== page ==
A Thousand Paths to NO


This weekend I finished reading a great little book called “A Curious Mind” by Brian Grazer and Charles Fishman. It’s told from the perspective of Grazer, who is a well-known and successful producer associated with director Ron Howard and Imagine Entertainment. He attributes all of his successes to the simple fact of being curious, and following up on that curiosity to learn more and become more in his life.

One of the early sections of the book talks about the way business is conducted in Hollywood. Ninety percent of the time, Grazer said, no matter what the question is, the answer is no. There are too many possibilities and Hollywood is inherently fiscally conservative, so they are not going to take risks unless you can convince them that your idea will work. So get used to hearing the word no, Grazer says. Even after decades of successes and being established in Hollywood, he hears NO every day. Just get used to it.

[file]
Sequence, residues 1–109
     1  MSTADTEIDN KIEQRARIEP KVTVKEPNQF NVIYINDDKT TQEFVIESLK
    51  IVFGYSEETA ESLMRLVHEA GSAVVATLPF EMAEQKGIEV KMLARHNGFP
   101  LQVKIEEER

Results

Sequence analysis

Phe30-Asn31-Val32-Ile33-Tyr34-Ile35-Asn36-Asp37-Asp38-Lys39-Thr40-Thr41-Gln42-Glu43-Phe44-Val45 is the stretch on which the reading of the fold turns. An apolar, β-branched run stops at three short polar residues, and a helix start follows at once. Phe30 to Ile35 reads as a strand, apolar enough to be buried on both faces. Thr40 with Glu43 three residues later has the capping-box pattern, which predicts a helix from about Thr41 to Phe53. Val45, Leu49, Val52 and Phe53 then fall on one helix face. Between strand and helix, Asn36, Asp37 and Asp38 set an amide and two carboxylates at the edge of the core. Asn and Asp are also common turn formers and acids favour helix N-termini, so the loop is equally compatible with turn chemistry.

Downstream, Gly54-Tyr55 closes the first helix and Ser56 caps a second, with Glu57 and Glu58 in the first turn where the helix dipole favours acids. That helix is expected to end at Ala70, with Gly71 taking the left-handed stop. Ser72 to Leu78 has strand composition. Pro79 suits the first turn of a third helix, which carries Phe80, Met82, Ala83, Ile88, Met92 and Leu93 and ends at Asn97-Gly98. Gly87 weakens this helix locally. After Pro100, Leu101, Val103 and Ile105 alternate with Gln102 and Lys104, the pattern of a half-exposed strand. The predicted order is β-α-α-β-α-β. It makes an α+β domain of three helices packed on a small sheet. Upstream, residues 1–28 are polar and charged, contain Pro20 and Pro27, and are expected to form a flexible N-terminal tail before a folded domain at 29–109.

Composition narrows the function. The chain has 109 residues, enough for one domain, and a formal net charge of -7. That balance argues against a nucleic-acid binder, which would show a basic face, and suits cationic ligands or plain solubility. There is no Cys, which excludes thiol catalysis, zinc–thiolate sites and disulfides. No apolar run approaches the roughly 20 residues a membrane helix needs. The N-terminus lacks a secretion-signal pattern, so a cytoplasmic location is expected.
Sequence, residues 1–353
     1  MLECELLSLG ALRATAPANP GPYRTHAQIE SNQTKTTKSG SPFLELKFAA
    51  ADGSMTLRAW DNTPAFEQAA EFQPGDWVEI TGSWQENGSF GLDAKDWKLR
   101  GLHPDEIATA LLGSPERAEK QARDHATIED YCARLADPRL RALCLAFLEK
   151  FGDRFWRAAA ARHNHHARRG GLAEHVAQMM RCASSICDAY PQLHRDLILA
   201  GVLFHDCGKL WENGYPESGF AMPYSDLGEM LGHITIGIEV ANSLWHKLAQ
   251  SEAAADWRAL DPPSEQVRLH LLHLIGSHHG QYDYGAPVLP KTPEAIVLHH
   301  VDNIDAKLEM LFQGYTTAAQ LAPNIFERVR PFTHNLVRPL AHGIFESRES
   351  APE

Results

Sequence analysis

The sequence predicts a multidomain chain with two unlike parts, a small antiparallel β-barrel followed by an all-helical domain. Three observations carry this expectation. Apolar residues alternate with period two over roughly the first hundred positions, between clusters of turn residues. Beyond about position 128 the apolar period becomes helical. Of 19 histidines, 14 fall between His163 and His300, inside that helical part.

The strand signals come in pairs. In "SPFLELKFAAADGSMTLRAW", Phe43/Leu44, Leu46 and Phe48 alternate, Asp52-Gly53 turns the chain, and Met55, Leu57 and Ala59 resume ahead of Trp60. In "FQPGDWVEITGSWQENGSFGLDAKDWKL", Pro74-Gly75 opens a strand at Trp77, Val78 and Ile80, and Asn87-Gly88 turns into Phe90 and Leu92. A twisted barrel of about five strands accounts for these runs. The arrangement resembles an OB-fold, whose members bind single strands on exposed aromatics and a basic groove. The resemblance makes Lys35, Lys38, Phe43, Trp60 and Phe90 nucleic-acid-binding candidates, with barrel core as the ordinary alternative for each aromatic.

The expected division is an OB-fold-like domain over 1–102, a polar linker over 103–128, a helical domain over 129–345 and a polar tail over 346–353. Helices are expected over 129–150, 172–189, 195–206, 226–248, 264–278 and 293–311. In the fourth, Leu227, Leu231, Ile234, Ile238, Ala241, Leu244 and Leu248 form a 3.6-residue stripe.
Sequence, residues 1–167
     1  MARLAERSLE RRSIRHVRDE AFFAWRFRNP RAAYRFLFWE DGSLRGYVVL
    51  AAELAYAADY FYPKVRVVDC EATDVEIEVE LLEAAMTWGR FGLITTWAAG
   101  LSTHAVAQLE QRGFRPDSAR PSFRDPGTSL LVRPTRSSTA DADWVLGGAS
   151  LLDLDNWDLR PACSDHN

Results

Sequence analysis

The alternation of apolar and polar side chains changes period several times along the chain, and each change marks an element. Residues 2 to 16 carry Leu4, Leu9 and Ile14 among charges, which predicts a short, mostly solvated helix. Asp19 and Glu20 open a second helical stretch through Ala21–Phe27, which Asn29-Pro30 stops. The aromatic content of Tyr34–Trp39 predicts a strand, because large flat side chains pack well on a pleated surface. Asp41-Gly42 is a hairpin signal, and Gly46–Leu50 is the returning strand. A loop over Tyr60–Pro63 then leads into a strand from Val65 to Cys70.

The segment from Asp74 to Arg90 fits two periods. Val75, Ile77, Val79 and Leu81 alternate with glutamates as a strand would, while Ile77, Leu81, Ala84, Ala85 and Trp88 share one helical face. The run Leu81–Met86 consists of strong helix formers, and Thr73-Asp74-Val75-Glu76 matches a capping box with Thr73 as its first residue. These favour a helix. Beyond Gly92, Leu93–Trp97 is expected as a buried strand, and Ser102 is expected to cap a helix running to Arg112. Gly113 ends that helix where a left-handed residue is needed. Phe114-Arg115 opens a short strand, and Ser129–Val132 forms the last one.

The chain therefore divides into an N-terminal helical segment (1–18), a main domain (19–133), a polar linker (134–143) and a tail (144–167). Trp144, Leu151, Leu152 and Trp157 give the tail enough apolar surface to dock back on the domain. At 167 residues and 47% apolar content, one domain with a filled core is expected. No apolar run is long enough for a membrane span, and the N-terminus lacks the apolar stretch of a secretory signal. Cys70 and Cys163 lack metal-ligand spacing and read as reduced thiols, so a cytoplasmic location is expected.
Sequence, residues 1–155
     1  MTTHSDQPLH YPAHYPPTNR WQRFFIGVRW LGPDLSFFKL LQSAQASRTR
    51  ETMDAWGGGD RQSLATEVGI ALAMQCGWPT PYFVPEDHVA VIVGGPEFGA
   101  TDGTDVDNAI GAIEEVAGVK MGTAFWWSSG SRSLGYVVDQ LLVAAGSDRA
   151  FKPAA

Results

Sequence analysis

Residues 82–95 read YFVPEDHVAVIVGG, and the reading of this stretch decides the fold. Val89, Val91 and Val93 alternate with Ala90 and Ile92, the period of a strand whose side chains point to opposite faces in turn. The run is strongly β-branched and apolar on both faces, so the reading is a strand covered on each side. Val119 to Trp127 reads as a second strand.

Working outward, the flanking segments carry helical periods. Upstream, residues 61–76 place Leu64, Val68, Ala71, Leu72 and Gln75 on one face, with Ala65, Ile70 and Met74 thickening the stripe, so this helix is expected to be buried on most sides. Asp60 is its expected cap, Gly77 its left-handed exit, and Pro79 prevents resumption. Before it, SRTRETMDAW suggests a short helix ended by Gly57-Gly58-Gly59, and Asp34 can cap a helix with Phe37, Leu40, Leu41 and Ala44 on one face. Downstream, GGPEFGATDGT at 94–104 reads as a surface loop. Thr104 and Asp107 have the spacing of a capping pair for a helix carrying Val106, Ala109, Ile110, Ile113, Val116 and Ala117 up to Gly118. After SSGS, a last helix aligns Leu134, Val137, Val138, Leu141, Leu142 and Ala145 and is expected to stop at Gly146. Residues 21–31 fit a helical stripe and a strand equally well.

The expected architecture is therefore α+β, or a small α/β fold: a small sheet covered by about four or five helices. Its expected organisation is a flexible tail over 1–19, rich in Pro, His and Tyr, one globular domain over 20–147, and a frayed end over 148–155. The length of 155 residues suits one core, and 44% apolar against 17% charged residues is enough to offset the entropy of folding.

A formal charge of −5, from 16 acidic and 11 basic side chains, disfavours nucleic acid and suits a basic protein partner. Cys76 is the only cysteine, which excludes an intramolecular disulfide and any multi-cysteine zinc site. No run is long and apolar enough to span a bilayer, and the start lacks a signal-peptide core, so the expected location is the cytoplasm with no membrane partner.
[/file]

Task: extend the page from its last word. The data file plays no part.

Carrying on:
I don’t know why, but I found that comforting. I tell my writing students to get used to rejection. If you are going to be a writer, rejection is inevitable. In a sense, I feel sorry for those writers who find success on their very first book, because they haven’t had the character-building opportunities that comes with writing despite rejection after rejection. It’s painful, I know. And even after my own decades of writing and publishing books and stories and articles, I still get hurt when someone criticizes my work.

But it’s real life. And like I said, if I know that Hollywood is one big rejection slip, maybe what I am suffering isn’t quite so bad. I’m not alone. The trick is to rise above the rejection.

Like the old saying goes: It’s not whether you get knocked down. It’s whether you get back up again.

Time to get up.

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